For me nothing that happened that night was unexpected. As we walked I tried to figure out if my companion had felt the same thing that I had felt. I asked him if he had any idea that we were about to get shut out. He said that he had no idea, that it was the most unexpected thing for him. I asked him if he had tried to notice or see anything (i.e. discern anything) when he look at the family. He looked at me like I wasn't making sense and asked if I wasn't as surprised as he was. I told him about my experience and about how I could clearly discern everything that was going to be said before it was said.

His reaction, at the time, surprised me. He got angry with me demanded to know how I could be so uncaring about what just happened. I didn't know how to explain to him that I did care about what had happened, but that it did not come a surprise. I again tried to tell him about my experience and how I had clearly experience the gift of discernment, but he would have none of it. He reacted with anger and accused me of being arrogant and unfeeling. I was just flabbergasted.

Now as I look back on the event I realize that the reason why my companion had not felt anything was because he had closed himself off from the idea that this family that he cared so much for were unwilling to listen to him. The Spirit could not get through to him to tell him what he needed to know so in the critical moment it revealed to me what was to happen so that I could be a part of it and witness the event, and give testimony of it because my companion would not. It was something that needed to happen, even though I have no idea why, and the Spirit needed me to know what was going to happen so that I could testify of what had happened. I pray that that was not the final chance for that husband and wife to accept the gospel.

I did go back another time with a different companion but there was never any more interest to talk about the gospel and our doctrine. The wife was kind and respectful but they had made their choice.

Sunday, June 16, 2013

Book Review: Four Cultures of the West by John W. O'Malley

When I first heard about this book I thought it sounded interesting. The basic premise is that there are four separate and distinct cultures that cooperate and compete with each other in Western Civilization. He likens these four cultures to four streams (like the Gulf Stream or a jet stream) that are embedded in our larger culture. They twist and wind their way through our history and shape the way we view and interact with the world. I admit that I approached the book with a slightly critical attitude, intending to give it a thorough consideration. So when reading the book I had a perpetual thought of, "Is this right, or is he just trying to squeeze history into his own private interpretation?"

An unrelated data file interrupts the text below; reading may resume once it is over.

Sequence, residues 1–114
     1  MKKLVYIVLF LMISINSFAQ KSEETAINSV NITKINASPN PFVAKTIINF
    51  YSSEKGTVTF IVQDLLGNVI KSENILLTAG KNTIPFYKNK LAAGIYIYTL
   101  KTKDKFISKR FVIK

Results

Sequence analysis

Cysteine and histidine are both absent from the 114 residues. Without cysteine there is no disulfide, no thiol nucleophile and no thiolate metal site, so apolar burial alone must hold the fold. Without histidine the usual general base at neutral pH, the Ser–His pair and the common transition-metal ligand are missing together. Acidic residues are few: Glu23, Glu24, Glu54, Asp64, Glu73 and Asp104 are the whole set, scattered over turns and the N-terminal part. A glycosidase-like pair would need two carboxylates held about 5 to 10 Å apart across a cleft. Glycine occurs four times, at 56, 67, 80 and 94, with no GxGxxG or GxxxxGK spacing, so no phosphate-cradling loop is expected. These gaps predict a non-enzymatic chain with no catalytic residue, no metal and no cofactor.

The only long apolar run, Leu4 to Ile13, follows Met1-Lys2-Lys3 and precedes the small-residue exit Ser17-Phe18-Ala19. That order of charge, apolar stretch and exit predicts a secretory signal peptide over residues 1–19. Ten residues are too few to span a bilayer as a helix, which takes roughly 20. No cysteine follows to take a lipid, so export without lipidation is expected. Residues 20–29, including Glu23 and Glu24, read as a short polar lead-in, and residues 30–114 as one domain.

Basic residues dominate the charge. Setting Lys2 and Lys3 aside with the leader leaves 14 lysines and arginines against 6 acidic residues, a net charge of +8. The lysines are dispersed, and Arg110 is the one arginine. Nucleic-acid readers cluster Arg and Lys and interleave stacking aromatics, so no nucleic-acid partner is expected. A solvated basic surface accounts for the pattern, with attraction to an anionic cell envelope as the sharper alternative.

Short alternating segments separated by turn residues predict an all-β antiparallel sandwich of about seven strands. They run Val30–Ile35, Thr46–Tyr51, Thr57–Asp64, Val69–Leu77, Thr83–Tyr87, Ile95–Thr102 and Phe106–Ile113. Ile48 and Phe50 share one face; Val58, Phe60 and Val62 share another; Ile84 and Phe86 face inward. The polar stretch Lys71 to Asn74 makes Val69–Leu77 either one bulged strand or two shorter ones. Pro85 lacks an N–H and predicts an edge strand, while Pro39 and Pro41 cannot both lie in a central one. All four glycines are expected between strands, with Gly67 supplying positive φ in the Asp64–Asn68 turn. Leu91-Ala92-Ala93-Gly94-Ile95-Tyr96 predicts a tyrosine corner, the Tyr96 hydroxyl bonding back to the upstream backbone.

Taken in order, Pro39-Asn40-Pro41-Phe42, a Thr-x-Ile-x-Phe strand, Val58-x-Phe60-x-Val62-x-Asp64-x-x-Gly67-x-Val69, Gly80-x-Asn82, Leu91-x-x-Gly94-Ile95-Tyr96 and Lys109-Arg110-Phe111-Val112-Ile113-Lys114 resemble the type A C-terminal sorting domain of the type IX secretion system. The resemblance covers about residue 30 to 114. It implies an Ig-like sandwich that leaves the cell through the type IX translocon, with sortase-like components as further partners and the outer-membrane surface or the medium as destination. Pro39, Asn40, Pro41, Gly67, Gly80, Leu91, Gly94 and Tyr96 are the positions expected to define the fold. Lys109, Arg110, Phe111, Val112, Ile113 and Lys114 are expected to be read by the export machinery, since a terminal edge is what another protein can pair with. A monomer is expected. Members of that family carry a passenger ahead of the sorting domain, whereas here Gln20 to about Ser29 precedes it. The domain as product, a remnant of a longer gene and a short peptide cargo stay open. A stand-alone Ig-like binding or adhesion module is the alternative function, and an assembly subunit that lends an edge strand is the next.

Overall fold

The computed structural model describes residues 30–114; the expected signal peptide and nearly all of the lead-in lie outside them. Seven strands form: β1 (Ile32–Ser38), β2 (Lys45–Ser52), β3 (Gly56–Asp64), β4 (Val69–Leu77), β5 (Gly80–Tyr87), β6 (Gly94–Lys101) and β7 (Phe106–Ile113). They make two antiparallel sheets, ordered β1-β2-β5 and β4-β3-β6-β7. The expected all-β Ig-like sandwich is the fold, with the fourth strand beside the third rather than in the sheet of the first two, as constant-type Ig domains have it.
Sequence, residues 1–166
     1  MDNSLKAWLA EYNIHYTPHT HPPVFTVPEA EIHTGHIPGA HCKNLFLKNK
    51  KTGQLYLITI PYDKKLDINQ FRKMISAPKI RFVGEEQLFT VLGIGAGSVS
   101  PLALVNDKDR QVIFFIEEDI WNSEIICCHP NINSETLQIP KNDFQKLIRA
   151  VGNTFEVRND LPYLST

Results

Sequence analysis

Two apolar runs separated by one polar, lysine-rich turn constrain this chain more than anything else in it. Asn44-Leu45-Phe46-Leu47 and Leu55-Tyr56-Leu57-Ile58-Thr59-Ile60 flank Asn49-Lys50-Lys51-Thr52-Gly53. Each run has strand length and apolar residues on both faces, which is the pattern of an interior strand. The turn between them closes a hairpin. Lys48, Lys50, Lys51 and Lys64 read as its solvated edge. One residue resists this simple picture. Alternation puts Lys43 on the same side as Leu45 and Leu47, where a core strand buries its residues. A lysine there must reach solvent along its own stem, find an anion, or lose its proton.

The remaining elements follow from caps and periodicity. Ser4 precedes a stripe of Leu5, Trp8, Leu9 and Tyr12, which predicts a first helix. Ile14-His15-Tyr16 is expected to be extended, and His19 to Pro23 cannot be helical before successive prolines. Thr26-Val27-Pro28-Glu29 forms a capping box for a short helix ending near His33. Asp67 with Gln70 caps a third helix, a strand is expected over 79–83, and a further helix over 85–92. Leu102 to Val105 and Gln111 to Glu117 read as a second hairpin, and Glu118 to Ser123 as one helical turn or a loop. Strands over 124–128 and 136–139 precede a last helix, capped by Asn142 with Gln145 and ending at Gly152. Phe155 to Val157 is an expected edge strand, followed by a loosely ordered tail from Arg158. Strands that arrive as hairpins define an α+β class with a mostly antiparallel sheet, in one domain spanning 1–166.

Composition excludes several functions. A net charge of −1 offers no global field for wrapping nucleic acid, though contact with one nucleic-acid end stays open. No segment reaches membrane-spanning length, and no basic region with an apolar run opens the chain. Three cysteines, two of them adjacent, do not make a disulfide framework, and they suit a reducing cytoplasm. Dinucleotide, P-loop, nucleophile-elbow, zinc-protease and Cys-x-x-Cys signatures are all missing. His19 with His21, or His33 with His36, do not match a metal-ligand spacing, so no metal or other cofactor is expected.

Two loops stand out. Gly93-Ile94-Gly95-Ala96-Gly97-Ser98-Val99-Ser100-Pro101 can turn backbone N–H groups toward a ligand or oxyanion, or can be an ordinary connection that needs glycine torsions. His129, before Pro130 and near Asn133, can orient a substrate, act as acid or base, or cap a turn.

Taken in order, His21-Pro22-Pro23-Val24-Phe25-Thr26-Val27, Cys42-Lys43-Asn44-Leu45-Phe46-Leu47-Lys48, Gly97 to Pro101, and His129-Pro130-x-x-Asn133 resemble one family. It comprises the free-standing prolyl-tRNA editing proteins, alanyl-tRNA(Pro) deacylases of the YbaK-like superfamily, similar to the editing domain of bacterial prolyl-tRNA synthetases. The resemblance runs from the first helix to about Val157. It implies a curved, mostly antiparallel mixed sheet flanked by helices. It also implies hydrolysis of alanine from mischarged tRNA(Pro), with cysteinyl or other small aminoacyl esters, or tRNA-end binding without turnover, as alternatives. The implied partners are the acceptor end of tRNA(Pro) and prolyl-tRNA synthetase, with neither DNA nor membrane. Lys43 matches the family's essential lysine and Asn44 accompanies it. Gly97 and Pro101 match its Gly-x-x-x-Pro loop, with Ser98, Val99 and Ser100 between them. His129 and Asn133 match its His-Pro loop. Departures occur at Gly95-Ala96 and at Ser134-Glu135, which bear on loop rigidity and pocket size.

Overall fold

Because I had this attitude for much of the book when I finally got to the Epilogue I had a rather interesting realization. I realized that he was right, and because of how he had written the book, and how he approached the subject matter he could not be proven wrong, because any attempt to prove him wrong would by its very nature prove him right. I will explain this a little more after I give a summary of the four cultures that he is talking about.

The four cultures are: 1. The Prophetic 2. The Academic 3. The Rhetorical 4. The Artistic.

These are not the names that he necessarily assigns to them, though in the case of cultures one and two he does refer to them frequently as "the prophetic" and "the academic". The other two cultures are never given succinct names. I did take exception to his use of the term "prophetic" for culture one. A better term I think would be "The Proclamatory" but that term doesn't have the same zing to it as "The Prophetic" though I think "proclamatory" is closer to what he intends to encapsulate culture one. But there is no need to get hung up on definitions since he does spend several hundred pages explaining the four cultures. I will now give a brief breakdown of how he describes the four cultures.

1. The Prophetic: (The culture of proclamation and reform.) This culture deals with right and wrong, not with proof and argument. That is key to understanding this culture. The reason why he calls it prophetic is due to the nature of the prophecies in the Old Testament where the prophets proclaimed the wrongs and the sins of the people and told them to repent. There was no argument or persuasion. There was simple statement of impending judgement. The modern archetype of this culture can be found in Martin Luther. It should be noted that O'Malley does not place any one person in a single culture and stresses that someone as complex as Martin Luther cannot be subsumed under a single culture. But the most distinct elements of Martin Luther's work can be thought of as typical of culture one.

2. The Academic: (The culture of proof, logic, argument, professions (legal, technical etc.) and academia.) This culture deals with proof through argument and the proliferation of technical definitions and fields of study. It is the driving force behind both modern science and law. Since the end of World War II this culture has become the dominate culture in Western Civilization. It dominates in our schools, our jobs, our economy and our politics. This culture contains the idea that right and wrong can be argued and proven through presentation of evidence. It is the dry boring culture of academia where it is more important to be technically precise than it is to be interesting.